Women in agriculture presented by Lynsay Hawkes

Work I am a liaison with the Ulster Farmers’ Union (UFU) and the Bank of Ireland Open School Week Coordinator (BOIOFW).

Farm supplies; I live on a fifth-generation dairy farm with 250 breeds of Holstein, Jersey and Shorthorn cattle and 135 strong dairy herds.

Having completed a full-time master’s degree in Business, Agri-Food and Rural Enterprise with CAFRE, I am still excited to be involved in family farming and to offer my support. Whether it’s showing cattle at local agricultural shows, there is always work to be done to fill in the gaps while moving the cattle, check the young stock or cover the Shiloh pit!

open up To Our Daily Agricultural Life Today

Because I grew up in our family farm and my parents were very involved in many agricultural activities, there was always a lot of work to be done, such as feeding calves and pets, bedrooms, and helping with the farm show district.

I joined the Cescinore Young Farmers Club 15 years ago. Holding many bureaucrats and participating in various contests such as stock judging, public speaking, one-act drama, floral art, tag rugby and group debate, the competition has enhanced my life skills. I was very fortunate to be part of the Miss Macra Festival and the Queen of the Earth, from which I have made many contacts with the UK and Ireland, who have helped me through my career through YFCU.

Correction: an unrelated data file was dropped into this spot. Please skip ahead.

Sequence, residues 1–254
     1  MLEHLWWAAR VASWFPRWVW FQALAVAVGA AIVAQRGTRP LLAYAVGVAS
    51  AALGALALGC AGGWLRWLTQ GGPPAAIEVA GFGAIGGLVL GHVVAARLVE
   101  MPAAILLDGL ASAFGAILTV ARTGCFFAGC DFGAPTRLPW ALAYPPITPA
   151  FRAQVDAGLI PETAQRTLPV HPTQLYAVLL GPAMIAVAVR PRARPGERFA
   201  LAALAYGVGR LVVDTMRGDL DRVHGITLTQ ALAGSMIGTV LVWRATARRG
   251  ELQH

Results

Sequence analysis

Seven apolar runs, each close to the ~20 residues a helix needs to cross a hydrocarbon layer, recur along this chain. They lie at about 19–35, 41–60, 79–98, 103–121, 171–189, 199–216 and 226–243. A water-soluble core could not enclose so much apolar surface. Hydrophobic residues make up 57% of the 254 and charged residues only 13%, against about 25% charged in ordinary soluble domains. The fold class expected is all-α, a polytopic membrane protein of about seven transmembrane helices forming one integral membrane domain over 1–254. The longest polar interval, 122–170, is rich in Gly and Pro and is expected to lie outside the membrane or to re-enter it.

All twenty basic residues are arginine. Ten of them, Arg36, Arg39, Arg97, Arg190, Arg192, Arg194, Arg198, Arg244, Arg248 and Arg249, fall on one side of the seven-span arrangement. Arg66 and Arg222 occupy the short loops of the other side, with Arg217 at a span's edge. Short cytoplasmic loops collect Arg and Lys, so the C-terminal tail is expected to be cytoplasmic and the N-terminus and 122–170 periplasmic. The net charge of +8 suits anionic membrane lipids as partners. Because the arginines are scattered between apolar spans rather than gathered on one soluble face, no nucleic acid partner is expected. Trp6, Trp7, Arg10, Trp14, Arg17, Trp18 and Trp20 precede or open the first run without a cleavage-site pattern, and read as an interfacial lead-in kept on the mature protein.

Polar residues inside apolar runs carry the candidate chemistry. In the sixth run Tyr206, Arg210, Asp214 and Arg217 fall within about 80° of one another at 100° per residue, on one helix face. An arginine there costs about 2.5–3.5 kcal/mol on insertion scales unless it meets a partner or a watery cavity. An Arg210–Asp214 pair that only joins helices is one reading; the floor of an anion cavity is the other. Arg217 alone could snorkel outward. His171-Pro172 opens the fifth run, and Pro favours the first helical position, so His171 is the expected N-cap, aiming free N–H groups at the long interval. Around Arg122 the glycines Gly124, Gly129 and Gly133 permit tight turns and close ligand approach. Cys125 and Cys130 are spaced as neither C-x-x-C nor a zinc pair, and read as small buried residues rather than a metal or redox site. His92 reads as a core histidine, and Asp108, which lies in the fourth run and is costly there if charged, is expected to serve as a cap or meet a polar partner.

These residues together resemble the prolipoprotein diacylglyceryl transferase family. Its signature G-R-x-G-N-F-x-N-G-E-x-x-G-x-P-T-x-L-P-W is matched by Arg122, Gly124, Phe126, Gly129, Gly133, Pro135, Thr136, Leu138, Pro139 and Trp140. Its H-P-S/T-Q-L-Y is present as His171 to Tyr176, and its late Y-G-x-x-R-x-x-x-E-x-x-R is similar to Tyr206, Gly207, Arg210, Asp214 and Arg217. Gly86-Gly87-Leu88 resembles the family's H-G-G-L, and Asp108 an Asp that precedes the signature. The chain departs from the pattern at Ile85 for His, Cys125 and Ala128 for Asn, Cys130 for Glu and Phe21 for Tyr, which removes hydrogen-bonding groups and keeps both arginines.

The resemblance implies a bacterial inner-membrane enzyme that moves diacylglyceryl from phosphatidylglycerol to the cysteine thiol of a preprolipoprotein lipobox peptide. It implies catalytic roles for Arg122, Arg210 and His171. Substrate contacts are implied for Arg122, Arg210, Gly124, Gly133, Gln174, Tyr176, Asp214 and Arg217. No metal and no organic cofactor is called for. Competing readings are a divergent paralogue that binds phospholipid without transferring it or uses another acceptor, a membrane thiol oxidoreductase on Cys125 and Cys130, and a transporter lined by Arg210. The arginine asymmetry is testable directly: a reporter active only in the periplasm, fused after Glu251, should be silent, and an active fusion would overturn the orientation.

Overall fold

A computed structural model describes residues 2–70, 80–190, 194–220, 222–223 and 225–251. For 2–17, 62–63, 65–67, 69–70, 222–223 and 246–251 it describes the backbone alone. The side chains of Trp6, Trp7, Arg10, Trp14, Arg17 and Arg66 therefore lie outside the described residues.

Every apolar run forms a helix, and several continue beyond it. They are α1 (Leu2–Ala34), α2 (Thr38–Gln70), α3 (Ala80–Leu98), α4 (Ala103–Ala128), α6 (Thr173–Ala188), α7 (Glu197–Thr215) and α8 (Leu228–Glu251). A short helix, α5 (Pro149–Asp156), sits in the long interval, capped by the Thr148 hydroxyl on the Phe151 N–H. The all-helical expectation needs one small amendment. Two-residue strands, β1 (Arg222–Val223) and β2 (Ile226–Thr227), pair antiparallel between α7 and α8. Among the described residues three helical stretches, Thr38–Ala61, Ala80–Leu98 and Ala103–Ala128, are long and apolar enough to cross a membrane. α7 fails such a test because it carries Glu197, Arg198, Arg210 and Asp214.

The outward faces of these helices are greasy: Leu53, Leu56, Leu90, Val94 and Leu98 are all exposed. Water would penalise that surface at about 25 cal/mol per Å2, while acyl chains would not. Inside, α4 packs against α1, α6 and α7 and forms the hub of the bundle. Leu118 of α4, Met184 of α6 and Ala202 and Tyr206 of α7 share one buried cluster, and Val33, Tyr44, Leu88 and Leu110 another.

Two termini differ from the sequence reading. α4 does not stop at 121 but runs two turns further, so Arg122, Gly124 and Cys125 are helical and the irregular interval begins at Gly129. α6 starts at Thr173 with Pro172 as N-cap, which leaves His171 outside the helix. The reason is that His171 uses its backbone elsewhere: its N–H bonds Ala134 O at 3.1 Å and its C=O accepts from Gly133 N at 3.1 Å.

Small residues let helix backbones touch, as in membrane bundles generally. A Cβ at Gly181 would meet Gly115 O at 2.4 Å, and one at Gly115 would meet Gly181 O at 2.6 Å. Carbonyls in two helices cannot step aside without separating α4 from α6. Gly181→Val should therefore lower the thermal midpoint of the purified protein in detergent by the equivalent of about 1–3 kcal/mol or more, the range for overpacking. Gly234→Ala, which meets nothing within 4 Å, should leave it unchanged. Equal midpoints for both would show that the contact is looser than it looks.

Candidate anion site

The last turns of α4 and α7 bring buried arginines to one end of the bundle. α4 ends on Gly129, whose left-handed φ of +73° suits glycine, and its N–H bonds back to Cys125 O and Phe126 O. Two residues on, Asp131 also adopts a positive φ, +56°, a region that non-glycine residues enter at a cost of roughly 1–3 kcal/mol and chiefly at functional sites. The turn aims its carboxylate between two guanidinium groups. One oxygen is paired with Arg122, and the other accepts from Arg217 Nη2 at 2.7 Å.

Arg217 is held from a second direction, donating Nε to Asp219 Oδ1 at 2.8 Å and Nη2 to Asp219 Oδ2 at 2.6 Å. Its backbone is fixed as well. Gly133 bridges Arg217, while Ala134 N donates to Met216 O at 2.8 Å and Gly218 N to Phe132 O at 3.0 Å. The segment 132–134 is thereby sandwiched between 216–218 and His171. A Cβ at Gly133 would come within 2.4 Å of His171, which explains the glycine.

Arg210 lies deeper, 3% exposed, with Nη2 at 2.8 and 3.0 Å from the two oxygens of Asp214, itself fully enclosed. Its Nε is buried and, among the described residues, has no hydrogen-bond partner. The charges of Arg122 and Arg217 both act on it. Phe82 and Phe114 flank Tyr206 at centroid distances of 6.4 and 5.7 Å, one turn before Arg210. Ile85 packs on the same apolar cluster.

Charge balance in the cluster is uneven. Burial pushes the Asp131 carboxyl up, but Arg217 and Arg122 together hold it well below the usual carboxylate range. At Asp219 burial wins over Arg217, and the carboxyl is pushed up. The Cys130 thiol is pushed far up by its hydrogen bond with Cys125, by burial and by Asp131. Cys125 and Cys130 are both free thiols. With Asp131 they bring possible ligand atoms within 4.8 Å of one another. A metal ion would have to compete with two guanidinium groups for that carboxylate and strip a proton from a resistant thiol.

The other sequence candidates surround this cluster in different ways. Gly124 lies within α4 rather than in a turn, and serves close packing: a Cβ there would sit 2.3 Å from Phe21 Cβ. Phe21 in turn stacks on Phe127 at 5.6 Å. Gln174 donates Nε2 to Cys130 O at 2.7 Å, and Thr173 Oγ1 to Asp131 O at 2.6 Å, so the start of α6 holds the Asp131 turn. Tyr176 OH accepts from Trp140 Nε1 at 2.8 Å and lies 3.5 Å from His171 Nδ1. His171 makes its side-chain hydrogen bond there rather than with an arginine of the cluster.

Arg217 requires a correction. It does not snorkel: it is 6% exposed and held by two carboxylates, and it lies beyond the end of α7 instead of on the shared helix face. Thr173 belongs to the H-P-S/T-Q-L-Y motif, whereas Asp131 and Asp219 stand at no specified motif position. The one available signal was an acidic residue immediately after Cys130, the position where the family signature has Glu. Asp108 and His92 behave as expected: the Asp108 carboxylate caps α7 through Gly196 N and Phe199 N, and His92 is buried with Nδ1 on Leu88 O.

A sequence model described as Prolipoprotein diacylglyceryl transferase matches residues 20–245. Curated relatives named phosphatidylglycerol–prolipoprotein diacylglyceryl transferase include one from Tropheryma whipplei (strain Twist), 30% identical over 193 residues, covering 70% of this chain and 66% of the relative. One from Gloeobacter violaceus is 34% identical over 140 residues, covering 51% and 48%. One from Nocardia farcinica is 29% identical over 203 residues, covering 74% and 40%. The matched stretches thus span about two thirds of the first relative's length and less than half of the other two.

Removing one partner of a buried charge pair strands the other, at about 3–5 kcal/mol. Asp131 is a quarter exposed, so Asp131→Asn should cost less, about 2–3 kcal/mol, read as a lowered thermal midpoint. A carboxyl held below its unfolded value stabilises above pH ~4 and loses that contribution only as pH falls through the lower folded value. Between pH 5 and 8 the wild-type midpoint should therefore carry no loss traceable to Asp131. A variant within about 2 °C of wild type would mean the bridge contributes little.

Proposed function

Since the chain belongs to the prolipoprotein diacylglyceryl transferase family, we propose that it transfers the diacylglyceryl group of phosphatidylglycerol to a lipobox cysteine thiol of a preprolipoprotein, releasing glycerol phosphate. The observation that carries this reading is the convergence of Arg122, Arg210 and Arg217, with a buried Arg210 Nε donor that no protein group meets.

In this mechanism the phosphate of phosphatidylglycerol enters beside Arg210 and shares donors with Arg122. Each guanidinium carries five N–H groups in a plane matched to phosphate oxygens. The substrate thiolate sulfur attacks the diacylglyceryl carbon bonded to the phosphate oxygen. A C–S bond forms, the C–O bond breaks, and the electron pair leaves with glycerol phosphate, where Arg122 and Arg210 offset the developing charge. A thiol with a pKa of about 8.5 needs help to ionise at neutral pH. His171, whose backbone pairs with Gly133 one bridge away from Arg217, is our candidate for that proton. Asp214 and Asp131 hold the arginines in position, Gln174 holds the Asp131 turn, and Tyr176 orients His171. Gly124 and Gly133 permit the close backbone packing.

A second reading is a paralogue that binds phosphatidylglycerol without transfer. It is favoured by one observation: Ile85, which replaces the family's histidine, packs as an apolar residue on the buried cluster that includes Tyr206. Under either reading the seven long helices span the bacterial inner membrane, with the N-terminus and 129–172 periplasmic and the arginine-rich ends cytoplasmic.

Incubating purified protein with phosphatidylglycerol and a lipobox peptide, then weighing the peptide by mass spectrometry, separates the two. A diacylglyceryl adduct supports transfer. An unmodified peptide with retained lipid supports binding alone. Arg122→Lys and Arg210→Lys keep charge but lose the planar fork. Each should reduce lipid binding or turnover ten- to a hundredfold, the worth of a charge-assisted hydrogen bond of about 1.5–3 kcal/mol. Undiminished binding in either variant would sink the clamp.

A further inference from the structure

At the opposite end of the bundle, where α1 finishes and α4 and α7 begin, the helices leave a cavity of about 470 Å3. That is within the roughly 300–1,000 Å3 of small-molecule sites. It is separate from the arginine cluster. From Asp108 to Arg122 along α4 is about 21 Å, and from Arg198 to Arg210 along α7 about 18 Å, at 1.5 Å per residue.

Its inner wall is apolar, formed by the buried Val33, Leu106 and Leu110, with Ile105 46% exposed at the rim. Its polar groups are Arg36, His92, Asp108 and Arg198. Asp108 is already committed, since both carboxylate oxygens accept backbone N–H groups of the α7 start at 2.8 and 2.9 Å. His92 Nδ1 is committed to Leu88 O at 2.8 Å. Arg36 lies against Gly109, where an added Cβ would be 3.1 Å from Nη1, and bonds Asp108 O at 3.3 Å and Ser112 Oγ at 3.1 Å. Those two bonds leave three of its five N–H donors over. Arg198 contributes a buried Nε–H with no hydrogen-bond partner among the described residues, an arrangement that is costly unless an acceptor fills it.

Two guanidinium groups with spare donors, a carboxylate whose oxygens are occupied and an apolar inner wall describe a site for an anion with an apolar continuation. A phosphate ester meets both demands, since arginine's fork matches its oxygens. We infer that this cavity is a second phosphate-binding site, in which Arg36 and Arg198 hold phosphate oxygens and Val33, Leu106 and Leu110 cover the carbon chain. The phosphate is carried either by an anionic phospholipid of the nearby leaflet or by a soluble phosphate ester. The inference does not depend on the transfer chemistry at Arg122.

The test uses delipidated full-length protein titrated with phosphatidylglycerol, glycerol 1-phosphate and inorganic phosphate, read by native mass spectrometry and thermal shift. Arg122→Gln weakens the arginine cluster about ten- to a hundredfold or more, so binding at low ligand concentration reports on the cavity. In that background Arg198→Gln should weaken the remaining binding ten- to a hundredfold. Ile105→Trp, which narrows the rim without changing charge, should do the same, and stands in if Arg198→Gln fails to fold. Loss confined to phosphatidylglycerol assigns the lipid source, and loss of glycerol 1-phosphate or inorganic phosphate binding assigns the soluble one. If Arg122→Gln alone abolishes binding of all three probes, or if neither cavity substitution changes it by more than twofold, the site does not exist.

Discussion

I sat on my mother’s lap and wanted to take part in the action. I did a great job of opening the door to get the cows out of the yard, and at my age I was milking the cows’ milk and milking my ’30’ cows. Growing up, helping my family on the farm, I wanted to be helping Grandda, hoping to get a few bobs or two along the way – to feed the calves and learn all the tricks of the trade – two pounds would go up. Mind!

What personal traits did you develop from farming?

To be strong, have good work ethic, communication skills (especially important when moving animals), patience and problem solving.

Life lessons learned from farming